If we don’t protect sharks, we put the health of ocean habitats, marine life populations and the planet as a whole at risk.
To assuage the doubts of anyone who’s still not sure about sharks, we spoke to Graham Buckingham, campaign director of Bite-Back.
Hi Graham! How long have you worked with or studied sharks?
I’ve been diving with sharks for 17 years and I launched Bite-Back Shark & Marine Conservation in 2004.
Sharks are fascinating creatures. Can you tell us why they’re so amazing?
Sharks are the lions and the leopards of the oceans.
There are over 480 species of sharks. The largest, the whale shark, can grow to the size of a single decker London bus. The smallest, the pygmy shark, is the length of a pencil.
Sharks boast three more senses than humans — electroreceptors on their snouts (called the ampullae of Lorenzini) that help detect electricity (muscle movement) in prey, lateral lines that run down both sides of the body to help sense vibrations in the water, and pit organs, a series of hair cells located in the gills and the pectoral fins that help detect changes in water temperature and currents.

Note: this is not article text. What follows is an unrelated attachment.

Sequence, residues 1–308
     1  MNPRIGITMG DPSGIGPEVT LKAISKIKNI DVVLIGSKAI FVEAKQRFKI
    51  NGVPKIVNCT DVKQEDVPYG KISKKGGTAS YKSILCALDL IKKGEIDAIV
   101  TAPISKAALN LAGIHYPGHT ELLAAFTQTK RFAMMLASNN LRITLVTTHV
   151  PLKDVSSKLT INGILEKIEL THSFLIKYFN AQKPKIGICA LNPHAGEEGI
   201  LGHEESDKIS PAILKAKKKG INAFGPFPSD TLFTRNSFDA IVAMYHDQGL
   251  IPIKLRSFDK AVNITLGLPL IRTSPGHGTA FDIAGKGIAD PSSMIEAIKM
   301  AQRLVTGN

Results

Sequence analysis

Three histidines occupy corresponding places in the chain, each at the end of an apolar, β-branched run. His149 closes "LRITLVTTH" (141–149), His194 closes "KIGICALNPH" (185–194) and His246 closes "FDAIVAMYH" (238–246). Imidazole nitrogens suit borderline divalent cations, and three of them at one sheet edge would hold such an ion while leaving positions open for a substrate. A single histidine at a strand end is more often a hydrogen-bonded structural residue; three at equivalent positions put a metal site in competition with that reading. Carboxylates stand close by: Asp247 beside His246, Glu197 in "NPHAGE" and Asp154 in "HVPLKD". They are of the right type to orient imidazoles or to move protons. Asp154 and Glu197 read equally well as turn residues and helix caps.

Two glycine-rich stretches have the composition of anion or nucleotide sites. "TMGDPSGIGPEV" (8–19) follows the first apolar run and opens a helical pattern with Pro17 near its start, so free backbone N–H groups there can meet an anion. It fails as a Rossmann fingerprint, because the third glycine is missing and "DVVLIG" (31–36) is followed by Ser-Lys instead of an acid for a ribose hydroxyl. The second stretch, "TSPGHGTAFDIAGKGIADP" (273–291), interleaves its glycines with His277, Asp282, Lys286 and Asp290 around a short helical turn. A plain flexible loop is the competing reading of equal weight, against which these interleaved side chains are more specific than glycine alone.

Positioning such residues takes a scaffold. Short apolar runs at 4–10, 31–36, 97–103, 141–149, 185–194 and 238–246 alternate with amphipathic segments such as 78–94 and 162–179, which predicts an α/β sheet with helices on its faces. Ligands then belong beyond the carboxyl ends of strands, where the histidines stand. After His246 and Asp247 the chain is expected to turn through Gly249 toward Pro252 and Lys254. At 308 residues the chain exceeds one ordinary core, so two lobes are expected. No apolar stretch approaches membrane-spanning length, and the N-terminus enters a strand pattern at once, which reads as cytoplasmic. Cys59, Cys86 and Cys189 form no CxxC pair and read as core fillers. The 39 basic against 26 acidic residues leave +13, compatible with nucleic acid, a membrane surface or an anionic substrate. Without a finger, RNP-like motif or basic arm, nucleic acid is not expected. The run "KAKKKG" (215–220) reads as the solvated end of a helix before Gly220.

Sharks have been swimming in our oceans since before dinosaurs walked the earth and survived six mass extinctions.
How dangerous are sharks to humans?
Typically, there are no more than seven fatalities from shark encounters every year worldwide.
British cows kill as many people each year as all the sharks in the world, combined. Last year more people died from bee stings, dog bites, lightning strikes, toasters, ladders and falling vending machines.
Only three sharks have been linked to multiple (double digit) human fatalities since records began — the great white, the bull and the tiger.
We did some research recently that shows that 64% of Brits think that sharks are more terrifying than snakes, spiders and rodents combined.
We believe that the public’s fear and loathing of sharks is hindering shark conservation efforts, contributing to the demise of these majestic creatures.
How do human activities threaten sharks?
The biggest threat to shark population is industrial fishing. Global fishing fleets are catching 73 million sharks a year, that’s roughly two every second. And nature can’t keep up.
Because there are no international or European catch limits for most sharks caught in the Atlantic, Spain, France, Portugal and Britain rank in the top 25 shark fishing nations in the world.
The daily lifestyle email from Metro.co.uk.
This content was originally published here.